Paralegal SCOPE presents the fourth in a series of Q & As for the PSC Election 2014. All answers are posted at the same time. Candidate names will be rotated, to ensure “alphabetical fairness.”
How do the different roles of the professional associations and the PSC fit together, and how do you see that relationship evolving over the next four years?
I believe that the professional associations and the PSC should complement each other. Especially now that the associations are earning the respect both at the Law Society and with government, we can build a dynamite team and I hope to see this relationship grow over the next four years!
I believe that the associations are paralegals’ advocate bodies.
The associations need to continue to lobby the government to expand our scope of practice, and to amend legislation. This would complement the work that we do on the PSC. Over the last four years, the associations have become important stakeholders, meeting with the Law Society. This is such a step forward, that the paralegal organizations are being consulted and have a seat at the table. This is a privilege that has advanced our profession. It needs to be continued and developed.
I have always been a member of several paralegal associations, worked together with the association leaders, and have attended and spoken at their functions.
When re-elected, this will be my goal, to continue fostering these relationships and friendships.
The relationship between the various associations and the PSC is firmly established. Associations are an invaluable resource for the development and advancement of the profession; there is a history of co-operation between the PSC and paralegal associations.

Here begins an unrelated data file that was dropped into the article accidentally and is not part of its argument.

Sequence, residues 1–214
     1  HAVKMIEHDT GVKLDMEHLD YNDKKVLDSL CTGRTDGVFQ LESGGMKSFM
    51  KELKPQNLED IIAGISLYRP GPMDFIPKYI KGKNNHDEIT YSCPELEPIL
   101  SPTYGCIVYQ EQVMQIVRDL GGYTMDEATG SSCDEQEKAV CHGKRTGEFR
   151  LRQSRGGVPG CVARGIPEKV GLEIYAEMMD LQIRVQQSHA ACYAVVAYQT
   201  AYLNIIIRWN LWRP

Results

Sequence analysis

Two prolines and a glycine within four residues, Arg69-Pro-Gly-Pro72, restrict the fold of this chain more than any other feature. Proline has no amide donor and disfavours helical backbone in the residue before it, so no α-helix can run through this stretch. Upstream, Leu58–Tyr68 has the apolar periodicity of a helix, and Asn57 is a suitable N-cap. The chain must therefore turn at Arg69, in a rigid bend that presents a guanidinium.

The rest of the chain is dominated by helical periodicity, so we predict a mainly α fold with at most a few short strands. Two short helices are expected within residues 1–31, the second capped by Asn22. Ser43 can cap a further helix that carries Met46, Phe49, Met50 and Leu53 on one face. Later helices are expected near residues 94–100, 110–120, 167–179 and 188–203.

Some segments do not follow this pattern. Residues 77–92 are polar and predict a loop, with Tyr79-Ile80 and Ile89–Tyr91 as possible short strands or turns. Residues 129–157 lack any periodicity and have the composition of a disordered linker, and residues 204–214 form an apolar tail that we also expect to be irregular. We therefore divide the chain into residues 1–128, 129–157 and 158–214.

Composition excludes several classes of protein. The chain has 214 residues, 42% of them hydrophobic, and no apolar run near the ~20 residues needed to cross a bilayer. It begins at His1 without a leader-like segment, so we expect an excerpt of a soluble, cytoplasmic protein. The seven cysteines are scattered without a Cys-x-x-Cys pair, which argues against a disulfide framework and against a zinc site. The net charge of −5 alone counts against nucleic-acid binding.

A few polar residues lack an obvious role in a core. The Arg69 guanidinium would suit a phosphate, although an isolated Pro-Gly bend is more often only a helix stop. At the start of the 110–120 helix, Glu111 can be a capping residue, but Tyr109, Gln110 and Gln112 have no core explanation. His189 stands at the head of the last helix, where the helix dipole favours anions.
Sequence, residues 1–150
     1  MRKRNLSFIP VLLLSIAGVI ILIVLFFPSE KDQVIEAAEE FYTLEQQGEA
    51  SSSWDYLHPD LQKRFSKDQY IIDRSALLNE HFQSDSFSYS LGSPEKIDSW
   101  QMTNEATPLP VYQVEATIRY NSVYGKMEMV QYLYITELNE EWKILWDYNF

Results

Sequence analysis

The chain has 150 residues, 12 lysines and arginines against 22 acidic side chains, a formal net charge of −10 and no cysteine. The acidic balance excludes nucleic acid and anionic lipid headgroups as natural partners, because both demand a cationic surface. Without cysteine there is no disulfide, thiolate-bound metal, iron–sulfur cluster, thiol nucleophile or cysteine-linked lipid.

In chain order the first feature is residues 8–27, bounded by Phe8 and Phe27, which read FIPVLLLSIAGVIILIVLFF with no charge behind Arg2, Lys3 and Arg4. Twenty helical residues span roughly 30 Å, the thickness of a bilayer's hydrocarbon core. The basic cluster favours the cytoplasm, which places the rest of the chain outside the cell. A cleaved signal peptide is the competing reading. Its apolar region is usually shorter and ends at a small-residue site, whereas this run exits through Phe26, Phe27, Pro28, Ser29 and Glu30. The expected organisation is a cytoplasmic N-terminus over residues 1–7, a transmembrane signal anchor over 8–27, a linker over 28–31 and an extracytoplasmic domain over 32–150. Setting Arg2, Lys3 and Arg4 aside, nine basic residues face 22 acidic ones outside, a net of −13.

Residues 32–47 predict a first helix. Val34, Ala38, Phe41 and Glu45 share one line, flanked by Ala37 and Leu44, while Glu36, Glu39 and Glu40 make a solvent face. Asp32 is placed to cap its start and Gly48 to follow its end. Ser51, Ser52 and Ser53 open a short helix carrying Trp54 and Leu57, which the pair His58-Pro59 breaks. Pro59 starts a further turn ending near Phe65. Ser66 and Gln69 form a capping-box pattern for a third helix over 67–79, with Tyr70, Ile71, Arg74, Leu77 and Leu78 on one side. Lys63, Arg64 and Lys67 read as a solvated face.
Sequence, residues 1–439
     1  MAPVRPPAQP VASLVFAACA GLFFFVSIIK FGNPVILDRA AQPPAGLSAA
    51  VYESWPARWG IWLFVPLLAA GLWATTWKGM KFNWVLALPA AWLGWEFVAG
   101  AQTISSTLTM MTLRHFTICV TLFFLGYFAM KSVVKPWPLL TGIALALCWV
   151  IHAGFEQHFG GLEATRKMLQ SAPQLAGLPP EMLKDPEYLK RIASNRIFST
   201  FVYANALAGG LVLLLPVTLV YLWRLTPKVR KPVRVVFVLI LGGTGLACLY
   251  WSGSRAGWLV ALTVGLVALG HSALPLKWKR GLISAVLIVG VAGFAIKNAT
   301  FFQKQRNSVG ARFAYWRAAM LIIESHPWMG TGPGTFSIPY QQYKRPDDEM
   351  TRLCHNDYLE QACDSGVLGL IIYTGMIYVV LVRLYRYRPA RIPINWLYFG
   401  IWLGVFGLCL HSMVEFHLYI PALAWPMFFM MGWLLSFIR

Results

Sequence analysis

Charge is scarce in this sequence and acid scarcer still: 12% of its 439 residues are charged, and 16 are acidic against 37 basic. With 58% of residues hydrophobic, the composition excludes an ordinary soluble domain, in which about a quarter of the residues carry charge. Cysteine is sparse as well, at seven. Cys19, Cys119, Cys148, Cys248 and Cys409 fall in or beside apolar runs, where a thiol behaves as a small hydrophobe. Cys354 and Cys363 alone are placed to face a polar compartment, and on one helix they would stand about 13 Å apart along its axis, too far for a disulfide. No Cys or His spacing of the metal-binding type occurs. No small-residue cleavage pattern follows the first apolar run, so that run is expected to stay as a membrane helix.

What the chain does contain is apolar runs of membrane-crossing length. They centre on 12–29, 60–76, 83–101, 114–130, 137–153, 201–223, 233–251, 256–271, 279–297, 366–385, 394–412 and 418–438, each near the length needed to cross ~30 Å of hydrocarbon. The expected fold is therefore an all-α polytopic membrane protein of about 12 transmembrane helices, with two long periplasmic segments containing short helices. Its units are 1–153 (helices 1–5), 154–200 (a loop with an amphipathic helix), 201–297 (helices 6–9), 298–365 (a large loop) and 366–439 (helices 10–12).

The roles of the PSC and the associations diverge when it comes to their mandates. The PSC has a duty to adhere to the Law Society Act. Associations are not required to work within the confines of a legislative framework. Professional associations have more freedom. They are free to present policy papers to the government, to promote the profession, and to petition legislators for change.
It is important that the PSC and all the associations work closely together as we move forward to create the highest standards in the profession. With the merger of the PSO and LPA, the new professional body will represent a good number of paralegals throughout the province. Not all paralegals belong to an association; their voices are equally important to the profession and the PSC has an obligation to listen to all stakeholders. Over the next four years, the PSC should continue to canvass opinions and invite paralegal associations to the table.
However, one should keep in mind that, on occasion, recommendations will be made that require petitioning for legislative change. This will by necessity take time and effort. That demands patience and persistence.
Learn more about Paula Callaghan
Paralegals have clashed with lawyers over expanding paralegal practice scope into family law. This left family lawyers up in arms. I get calls regarding simple Family Law questions on uncontested divorces, which I am mandated to not answer. I believe there is room for compromise to revisit this issue. Coming together is a beginning; keeping together is progress, and working together is the meaning of success.